el-blog-hero-v1.jpgRecently I had the pleasure of delivering my feisty co-founder’s Investment in Legal Tech Darwin Talk in Toronto, Canada. As I was preparing, I thought how much other legal tech startups could benefit from hearing about some recent fundraising efforts.  I reached out to Evolve Law members who have raised capital and added in my Traklight experience.

When was your last round and how much did you raise in what type of round?

Contactually: Last round was $8M Series A in the fall of 2014.

Ebrevia: We raised a $1.5 million seed round in November 2014. We have raised $2 million in total.

Hire an Esquire:  Hire an Esquire is in the midst of a round and therefore could not share.

PactSafe: Our last round was a seed round of $1.2M.

Traklight: $435K seed round from individual angels in NYC and Boston in 2014.

Any challenges to being in the Legal Tech space?

Contactually: We are largely vertical-agnostic.  From Day 1 we built Contactually to help people build personal, authentic relationships with the people that matter most to their business.  We sell across all the professional service verticals: consultant, financial advisor, realtor, or a lawyer.  The biggest challenge we face is better understanding the legal space so we can best describe how Contactually can meet the needs of a lawyer, and our team can set each lawyer up for success on Contactually during their coaching call.  We’ve been doing a lot of research and due diligence to make that happen.

Hire an Esquire: Investors are cautious of investing in the legal space because of the industry’s extreme resistance to change and the brutal sales cycle (for enterprise legal products).

PactSafe: In terms of fundraising, we occasionally will get some pushback from investors regarding the historical challenge of selling legaltech to lawyers. We’ve tried to position our product as a business process automation tool that has benefits to a business as a whole – not just its legal team.  That positioning has allowed most investors to see us as more than just “legaltech” even though are solution strives to remove friction from the contracting process (a very “legaltech” thing).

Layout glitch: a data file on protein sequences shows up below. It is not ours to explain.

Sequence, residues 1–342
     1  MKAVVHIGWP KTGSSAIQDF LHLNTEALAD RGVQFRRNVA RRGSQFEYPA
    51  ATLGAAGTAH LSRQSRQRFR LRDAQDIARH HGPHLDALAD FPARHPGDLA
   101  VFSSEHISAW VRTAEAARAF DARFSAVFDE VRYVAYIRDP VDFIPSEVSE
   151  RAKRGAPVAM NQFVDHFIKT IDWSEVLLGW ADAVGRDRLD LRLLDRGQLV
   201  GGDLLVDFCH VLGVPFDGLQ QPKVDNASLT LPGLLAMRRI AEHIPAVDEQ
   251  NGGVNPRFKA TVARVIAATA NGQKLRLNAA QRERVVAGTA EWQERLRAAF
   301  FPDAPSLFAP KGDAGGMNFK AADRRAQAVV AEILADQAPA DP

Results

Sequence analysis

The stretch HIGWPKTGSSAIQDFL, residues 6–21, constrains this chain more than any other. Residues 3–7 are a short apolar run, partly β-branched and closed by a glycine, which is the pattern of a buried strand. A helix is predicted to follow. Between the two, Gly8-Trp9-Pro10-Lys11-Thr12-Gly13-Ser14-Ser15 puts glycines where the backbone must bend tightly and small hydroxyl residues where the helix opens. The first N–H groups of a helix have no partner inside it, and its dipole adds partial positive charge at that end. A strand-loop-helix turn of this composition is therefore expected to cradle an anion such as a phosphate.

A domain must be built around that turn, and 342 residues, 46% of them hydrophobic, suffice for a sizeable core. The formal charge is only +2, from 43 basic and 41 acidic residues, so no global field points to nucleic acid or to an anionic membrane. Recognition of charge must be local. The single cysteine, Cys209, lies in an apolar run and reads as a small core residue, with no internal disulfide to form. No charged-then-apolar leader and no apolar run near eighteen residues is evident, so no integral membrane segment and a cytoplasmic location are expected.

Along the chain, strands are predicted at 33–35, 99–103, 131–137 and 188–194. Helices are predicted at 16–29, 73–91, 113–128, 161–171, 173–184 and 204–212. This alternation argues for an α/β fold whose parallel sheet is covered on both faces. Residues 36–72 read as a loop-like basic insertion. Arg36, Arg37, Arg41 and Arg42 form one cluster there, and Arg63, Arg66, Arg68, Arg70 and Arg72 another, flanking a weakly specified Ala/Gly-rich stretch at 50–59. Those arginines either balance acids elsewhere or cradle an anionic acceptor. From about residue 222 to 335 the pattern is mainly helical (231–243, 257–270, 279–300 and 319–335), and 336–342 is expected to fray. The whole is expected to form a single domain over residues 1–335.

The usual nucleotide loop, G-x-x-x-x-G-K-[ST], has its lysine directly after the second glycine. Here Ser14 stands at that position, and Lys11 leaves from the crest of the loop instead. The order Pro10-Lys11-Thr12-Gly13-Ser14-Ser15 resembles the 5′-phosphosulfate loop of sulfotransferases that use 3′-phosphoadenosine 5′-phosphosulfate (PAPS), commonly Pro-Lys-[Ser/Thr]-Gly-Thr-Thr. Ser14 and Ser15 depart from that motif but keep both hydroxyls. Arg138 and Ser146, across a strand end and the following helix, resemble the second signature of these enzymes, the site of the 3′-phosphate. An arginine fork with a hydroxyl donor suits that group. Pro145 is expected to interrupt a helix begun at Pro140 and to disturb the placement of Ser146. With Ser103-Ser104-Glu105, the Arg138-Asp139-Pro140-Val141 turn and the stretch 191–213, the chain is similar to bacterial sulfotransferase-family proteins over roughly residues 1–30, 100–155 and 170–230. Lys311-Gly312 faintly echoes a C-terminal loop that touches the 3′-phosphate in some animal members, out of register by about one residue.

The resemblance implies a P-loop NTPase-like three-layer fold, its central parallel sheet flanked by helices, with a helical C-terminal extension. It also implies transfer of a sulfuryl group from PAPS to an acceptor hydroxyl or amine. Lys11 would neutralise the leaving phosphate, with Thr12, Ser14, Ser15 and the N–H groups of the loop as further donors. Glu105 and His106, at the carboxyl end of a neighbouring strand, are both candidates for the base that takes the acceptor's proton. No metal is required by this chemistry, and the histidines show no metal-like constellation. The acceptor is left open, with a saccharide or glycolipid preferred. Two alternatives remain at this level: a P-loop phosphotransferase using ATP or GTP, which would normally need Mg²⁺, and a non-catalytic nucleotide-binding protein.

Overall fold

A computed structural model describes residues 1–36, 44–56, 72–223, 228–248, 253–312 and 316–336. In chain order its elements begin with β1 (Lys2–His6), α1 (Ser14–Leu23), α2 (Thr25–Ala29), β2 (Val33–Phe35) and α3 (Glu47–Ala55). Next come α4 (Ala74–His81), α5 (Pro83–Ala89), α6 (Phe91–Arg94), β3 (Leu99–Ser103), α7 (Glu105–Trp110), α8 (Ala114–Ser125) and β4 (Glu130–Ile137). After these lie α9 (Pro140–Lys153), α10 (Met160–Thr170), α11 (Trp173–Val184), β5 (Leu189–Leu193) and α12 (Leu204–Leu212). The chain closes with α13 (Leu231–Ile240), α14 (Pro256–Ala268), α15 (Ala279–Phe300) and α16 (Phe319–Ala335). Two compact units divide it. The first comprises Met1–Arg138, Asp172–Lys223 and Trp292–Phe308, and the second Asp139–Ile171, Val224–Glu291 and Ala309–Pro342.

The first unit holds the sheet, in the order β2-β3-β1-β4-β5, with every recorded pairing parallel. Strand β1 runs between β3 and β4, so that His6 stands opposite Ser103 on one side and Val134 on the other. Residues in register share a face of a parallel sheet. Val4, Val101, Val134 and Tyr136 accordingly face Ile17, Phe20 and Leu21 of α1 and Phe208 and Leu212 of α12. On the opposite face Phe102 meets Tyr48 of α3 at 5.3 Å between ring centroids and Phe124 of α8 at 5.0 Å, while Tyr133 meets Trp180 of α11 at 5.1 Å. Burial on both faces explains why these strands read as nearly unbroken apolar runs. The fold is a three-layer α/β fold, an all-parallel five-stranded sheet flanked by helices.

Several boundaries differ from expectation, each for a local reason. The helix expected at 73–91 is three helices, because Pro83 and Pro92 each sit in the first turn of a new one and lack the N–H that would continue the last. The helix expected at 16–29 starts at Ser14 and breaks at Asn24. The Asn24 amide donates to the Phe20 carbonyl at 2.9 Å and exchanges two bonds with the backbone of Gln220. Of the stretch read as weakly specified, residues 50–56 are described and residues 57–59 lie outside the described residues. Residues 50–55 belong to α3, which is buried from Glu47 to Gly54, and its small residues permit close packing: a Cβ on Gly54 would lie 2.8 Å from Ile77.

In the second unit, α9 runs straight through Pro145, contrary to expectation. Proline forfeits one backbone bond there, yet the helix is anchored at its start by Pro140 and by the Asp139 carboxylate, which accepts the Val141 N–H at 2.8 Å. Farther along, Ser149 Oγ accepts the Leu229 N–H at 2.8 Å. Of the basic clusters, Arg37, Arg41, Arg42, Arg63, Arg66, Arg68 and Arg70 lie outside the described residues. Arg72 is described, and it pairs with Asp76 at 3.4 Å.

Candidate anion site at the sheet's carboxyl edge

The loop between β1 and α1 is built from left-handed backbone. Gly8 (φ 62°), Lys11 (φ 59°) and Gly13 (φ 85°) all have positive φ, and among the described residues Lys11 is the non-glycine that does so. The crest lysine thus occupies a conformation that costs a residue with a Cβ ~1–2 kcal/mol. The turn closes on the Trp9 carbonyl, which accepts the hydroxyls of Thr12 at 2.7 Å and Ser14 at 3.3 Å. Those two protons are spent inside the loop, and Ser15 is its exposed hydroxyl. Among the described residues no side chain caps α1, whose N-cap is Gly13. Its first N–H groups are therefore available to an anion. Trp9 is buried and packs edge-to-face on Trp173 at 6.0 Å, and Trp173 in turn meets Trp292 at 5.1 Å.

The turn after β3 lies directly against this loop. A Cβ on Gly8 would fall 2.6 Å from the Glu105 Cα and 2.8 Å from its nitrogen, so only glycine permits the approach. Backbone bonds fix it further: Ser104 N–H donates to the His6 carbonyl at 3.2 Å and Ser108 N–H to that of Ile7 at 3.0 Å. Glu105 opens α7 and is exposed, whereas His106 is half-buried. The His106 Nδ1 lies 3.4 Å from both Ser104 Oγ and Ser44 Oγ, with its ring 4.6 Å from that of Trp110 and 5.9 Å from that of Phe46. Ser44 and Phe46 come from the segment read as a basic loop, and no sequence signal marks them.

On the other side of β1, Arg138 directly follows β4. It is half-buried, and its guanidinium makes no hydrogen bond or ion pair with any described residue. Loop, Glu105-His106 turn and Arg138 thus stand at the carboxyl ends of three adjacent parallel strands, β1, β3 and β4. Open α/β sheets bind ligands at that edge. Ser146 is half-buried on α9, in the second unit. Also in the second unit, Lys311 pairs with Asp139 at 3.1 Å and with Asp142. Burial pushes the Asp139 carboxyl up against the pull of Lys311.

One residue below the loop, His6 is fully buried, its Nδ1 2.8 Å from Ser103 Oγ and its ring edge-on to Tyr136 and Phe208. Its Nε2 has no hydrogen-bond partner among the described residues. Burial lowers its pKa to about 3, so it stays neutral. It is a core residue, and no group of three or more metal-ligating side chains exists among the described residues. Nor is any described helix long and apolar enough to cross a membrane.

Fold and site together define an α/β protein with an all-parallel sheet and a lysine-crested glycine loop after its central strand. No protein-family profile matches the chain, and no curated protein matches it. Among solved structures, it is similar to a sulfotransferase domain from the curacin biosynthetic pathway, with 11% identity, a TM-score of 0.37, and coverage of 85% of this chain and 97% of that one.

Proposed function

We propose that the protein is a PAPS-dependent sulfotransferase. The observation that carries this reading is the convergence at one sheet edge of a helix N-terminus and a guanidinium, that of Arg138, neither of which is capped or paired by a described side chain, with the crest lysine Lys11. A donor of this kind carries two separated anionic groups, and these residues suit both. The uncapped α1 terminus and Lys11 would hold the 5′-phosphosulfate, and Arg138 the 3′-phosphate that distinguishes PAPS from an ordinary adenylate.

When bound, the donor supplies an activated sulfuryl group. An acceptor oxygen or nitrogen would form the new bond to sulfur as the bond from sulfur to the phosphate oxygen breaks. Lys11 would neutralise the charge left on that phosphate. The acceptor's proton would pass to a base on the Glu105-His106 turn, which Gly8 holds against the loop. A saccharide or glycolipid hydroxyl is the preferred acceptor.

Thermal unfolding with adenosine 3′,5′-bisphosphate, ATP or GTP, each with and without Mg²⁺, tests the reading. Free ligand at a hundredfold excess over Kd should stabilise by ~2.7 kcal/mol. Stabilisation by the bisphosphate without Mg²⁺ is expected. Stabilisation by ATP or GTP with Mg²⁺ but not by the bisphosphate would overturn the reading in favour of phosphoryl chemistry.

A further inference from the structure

Traklight: We are not exclusively in the legaltech space but we did have some potential investors reach out to the wrong type of attorney (litigation rather than transactional) and of course, they did not see our value proposition. We also focused on non-attorney sales for our revenue projections.

Did you raise money from attorneys? Any particular challenges?

Contactually: Nope.  Many of our previous investors (largely angel investors and a couple small funds) reinvested in this round.  We also brought two additional VC firms:  Grotech and Rally Ventures.


Ebrevia: Our investors include attorneys though the majority are not. The fact that the attorneys have experienced firsthand the pain points our contract analytics software address was an important element in their decision to invest. It is not uncommon for an attorney user at one of our clients or who has seen a demo to inquire about investing.

Hire an Esquire: We have attorneys as angel investors who are incredibly enthusiastic about our mission. Our attorney investors have been key for sales introductions as well as building our community of attorneys. One challenge with attorneys in the fundraising process is that VCs will call an attorney they know to vet a legal tech product. Often their attorney friend has no insight into the firms business operations or tech and will insist lawyers or their firm will never use it. We’ve had lawyers provide this feedback not realizing their law firm was our client.

PactSafe did not raise any money from attorneys.

Traklight: We do have several attorney angel investors and the level of due diligence was higher among those investors.

One tip for fundraising for other legal tech startups

Contactually: Investors wanted to see a big vision, great team, and significant traction. Demonstrating those three elements is key for any company raising money.

Ebrevia:  If your product is going to be sold to law firms or in-house legal departments, it is important to have a balanced team with both legal industry and technical expertise.

Hire an Esquire: If you are selling into law firms, start selling and building brand recognition and relationships immediately— even before your product is released. Plan for at least 12-18 months of consistent follow up and relationship building to socialize the idea of your company and product since law firms are hesitant to implement or try anything without trust and track record.
PactSafe: Don’t narrowly and bluntly label yourself as just a legaletch business. Focus on the business value of your solution, and assess your market and positioning from there.

Traklight: Agree with PactSafe, if you have other markets discuss those with potential investors. We had a lawyer, who did not invest, scare other potential investors by bringing up the unauthorized practice of law (UPL). Of course our software is just an issue spotter and not a replacement for an attorney – this just added more work to fundraising. I would be upfront about issues like UPL when fundraising.

Bottom line is that sales revenue can be the best option for LegalTech companies after bootstrapping or friends and family round. Thank you again to Julia Shapiro of Hire an Esquire; Ned Gannon of Ebrevia, Tony Cappaert of Contactually, and Brian Powers of PactSafe for sharing. Any Evolve Law members interested in guest blogging for us, please reach out at info@evolvelawnow.com.